Delhi 6 Movie review..

February 20, 2009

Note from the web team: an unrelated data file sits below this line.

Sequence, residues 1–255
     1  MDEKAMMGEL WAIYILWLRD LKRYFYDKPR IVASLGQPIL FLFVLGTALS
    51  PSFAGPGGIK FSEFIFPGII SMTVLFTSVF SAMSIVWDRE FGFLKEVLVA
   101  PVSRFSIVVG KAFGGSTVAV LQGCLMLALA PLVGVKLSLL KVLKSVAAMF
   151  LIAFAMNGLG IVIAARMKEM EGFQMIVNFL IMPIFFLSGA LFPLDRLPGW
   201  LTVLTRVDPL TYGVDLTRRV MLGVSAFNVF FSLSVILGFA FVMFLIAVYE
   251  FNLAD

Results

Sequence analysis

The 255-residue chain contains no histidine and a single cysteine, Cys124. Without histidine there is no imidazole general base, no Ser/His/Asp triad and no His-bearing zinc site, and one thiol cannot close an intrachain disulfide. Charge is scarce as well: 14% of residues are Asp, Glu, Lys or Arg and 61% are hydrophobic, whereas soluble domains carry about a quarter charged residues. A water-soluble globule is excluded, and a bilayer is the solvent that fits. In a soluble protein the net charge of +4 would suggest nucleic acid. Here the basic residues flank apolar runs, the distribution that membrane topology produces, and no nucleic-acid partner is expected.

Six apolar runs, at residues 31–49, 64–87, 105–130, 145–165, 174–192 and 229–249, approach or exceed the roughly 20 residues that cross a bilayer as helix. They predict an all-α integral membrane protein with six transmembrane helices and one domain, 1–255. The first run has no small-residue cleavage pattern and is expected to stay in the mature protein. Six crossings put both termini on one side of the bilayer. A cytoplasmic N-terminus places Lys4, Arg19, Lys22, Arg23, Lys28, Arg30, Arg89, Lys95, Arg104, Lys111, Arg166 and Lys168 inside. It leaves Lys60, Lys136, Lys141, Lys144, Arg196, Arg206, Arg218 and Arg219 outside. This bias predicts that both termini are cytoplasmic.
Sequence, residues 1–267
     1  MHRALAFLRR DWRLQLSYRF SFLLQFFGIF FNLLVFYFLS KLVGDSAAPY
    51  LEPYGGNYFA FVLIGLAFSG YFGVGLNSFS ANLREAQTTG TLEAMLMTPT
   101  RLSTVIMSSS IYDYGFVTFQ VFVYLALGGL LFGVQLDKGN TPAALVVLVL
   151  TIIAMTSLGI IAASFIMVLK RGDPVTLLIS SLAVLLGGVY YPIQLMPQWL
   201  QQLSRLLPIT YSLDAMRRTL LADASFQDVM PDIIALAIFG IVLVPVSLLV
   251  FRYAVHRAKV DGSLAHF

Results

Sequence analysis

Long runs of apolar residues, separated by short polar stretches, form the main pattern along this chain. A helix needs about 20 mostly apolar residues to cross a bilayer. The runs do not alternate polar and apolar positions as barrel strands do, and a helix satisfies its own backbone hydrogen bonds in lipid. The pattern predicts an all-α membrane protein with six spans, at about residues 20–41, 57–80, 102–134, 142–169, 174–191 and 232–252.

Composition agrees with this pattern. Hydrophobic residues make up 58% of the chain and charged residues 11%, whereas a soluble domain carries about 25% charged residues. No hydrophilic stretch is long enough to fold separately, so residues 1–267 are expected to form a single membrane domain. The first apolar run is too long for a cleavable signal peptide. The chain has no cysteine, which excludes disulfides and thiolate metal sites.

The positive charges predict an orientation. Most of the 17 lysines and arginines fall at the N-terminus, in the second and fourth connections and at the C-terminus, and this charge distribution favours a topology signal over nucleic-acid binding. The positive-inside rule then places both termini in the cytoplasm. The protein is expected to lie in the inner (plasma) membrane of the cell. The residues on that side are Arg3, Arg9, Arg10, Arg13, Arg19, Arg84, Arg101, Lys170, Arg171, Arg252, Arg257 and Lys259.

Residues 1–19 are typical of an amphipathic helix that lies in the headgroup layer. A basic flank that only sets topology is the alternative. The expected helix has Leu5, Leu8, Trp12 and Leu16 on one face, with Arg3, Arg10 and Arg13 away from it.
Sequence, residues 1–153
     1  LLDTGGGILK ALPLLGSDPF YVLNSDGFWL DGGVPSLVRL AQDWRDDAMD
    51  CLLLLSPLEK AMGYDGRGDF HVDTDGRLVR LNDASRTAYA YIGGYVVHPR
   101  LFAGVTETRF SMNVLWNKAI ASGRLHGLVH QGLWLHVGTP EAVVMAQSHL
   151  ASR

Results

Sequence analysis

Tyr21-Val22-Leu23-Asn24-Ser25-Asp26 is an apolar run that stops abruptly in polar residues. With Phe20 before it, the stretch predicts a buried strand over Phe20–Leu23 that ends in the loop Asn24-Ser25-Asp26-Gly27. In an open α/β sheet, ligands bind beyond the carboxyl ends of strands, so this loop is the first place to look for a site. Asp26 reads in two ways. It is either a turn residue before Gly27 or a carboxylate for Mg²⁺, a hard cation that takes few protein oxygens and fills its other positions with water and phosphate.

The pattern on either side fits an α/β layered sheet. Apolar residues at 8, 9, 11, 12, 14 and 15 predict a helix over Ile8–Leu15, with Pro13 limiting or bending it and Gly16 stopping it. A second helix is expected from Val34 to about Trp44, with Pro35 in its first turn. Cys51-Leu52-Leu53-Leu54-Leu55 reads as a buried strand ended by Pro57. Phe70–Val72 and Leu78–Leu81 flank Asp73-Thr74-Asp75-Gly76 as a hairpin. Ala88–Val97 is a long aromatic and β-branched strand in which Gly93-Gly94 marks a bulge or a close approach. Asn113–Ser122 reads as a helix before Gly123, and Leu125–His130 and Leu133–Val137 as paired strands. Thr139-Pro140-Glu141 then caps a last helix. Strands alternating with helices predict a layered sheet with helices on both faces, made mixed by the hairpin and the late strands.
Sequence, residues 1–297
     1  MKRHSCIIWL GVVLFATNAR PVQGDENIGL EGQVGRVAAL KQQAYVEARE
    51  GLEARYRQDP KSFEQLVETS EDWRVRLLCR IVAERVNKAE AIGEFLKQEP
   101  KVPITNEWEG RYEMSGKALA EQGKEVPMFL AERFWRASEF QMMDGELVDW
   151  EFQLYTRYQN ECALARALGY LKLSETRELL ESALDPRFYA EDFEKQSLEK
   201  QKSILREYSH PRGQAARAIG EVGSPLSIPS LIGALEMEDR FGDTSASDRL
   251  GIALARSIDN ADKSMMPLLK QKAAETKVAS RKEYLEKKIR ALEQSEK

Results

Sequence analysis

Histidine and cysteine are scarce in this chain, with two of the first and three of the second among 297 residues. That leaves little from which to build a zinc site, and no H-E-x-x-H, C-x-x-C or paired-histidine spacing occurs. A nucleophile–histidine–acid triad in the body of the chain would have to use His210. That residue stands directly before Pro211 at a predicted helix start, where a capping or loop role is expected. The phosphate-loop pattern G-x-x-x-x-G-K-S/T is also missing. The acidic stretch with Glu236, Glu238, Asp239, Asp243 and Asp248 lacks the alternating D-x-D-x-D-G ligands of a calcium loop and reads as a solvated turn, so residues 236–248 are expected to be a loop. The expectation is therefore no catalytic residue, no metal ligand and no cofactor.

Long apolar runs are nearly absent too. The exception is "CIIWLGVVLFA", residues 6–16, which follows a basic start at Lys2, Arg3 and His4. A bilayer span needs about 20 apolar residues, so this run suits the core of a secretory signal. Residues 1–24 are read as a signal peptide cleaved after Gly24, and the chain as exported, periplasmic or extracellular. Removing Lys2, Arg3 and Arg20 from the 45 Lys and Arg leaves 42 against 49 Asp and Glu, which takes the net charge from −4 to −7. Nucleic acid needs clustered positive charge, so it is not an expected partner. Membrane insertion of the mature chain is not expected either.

. That’s because the story is set around the monkey-man episode that made headlines in Delhi some years back and Mehra surely wasn’t a child then. The treatment of the film, however, gets childishly corny at places. Of course do not expect a thriller treatment with the monkey-man chapter. Rather, Delhi-6 thematically apes the banner’s (UTV) own Swades (2004) and remains a social drama all through. So you have the purported protagonist Roshan Mehra (Abhishek Bachchan) coming to India, though this time not to fetch his nanny, but to get his granny (Waheeda Rehman) to Delhi gullies where she wants to spend the final phase of her life. In the bylanes of Chandni Chowk in old Delhi, Roshan is introduced to customs, conventions and relations alien to him. Meanwhile panic spreads in Delhi as news of random attacks by a mysterious creature titled monkey-man makes headlines. Muddled up between the liking for his land and ladylove Bittu (Sonam Kapoor), the movie progresses as monkey-man gives ways to discuss social and political issues like the Hindu-Muslim and upper-lower class divide. The movie makes an interesting start as it introduces multiple characters and gets into multi-track storytelling. But soon the characters and the tracks start jumbling up, giving way for continuity lapses in the multi-dimensional narrative. It’s surprising that the same multi-layered storytelling that Rakeysh Mehra exploited brilliantly in Rang De Basanti , intermittently handicaps the narration in Delhi-6 . Midways the movie, it’s still difficult to comprehend what’s the central lead of the story amongst Roshan’s love for Bittu, Bittu’s quest for Indian Idol independence, grandma’s loyalty towards motherland or a family feud (Om Puri – Pawan Malhotra sibling rivalry). Unfortunately even the monkey-man track doesn’t help connecting the individual installments and rather works only on peripheral level. However, it resolves all above conflicts in a single-stroke climax, in addition to an Ayodhya-Babri Masjid kind of issue it incites towards the end. The core theme bears a striking resemblance with Swades which is augmented by the theatrical Ram Leela episodes and the cast-and-class concerns it tackles. But while Ashutosh Gowariker had a direct approach of facing the issues of India in Swades , Mehra handles it indirectly using the monkey-man metaphor. While the screenplay remains cheerful in the first half, it doesn’t escape the preachy trappings in the climax. Some smart gems in the screenplay include the scene where a cow is delivering amidst jam-packed main road traffic and being worshipped by every passerby. And an abstract-cum-artistic sequence from the same screenplay includes an Indo-American fusion fantasy song ‘ Dil Gira Dafatan ’ which confuses in conveying its concept. There isn’t any conspicuous chemistry between the lead pair of Abhishek Bachchan and Sonam Kapoor. And Amitabh’s intangible appearance in the last scene was absolutely avoidable. The art direction decently recreates the Delhi set in Rajasthan studio but is confined to four lanes at the Chandni Chowk crossroads. Binod Pradhan employs disturbing camera movements while Vaibhavi Merchant adds grace to Masakali movements. Rahman’s soulful music lacks a befitting body though. From its eclectic cast, it’s startling to see that the supposed lead players Abhishek Bachchan and Sonam Kapoor have very shallow characterizations and thereby weak screen-presence as well. With his existing image, it’s difficult to visualize Abhishek Bachchan as a NRI. It never comes across in his accent, attitude or outlook. Sonam Kapoor’s immature act isn’t impressive.


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